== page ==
The Eagles are an American rock band formed in Los Angeles in 1971. With five number-one singles and six number-one albums, six Grammy Awards and five American Music Awards, the Eagles were one of the most successful musical acts of the 1970s in North America. Founding members Glenn Frey, Don Henley, Bernie Leadon and Randy Meisner were recruited by Linda Ronstadt as band members, some touring with her, and all playing on her third solo album, before venturing out on their own on David Geffen's new Asylum Records label.
Hotel California is the fifth studio album by American rock band the Eagles. The album was recorded by Bill Szymczyk at the Criteria and Record Plant studios between March and October 1976, and then released on Asylum in December. It was their first album with guitarist Joe Walsh, who had replaced founding member Bernie Leadon, and is the last album to feature bassist Randy Meisner. The front cover is a photograph of the Beverly Hills Hotel by David Alexander.
Glenn Lewis Frey was an American singer, songwriter, actor and founding member of the rock band the Eagles. Frey was the co-lead singer and frontman for the Eagles, roles he came to share with fellow member Don Henley, with whom he wrote most of the Eagles' material. Frey played guitar and keyboards as well as singing lead vocals on songs such as "Take It Easy", "Peaceful Easy Feeling", "Tequila Sunrise", "Already Gone", "James Dean", "Lyin' Eyes", "New Kid in Town", and "Heartache Tonight".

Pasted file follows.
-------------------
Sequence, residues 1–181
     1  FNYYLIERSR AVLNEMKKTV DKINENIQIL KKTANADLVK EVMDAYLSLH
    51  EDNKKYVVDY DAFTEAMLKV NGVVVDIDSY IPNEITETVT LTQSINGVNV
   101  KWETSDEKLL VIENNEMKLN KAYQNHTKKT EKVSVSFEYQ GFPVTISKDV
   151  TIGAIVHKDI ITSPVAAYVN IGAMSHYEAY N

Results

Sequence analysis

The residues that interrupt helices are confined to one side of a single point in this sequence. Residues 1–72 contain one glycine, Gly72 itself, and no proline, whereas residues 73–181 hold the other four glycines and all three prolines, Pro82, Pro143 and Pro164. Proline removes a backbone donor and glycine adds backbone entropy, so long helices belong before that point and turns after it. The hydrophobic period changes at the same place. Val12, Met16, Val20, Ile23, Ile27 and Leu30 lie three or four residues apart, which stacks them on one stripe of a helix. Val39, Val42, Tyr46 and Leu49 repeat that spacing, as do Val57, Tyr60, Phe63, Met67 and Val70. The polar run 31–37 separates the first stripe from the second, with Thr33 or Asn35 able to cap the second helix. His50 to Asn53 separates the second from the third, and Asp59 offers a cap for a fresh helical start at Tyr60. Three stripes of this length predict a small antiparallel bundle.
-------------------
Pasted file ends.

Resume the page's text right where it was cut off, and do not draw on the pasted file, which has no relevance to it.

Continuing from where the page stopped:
"Hotel California" is the title track from the Eagles' album of the same name and was released as a single in February 1977. Writing credits for the song are shared by Don Felder (music), Don Henley, and Glenn Frey (lyrics). Joe Walsh came up with the dual-guitar descending arpeggio part that ends the song: he didn't, however, get writing credits. The Eagles' original recording of the song features Henley singing the lead vocals and concludes with an extended section of electric guitar interplay between Felder and Walsh.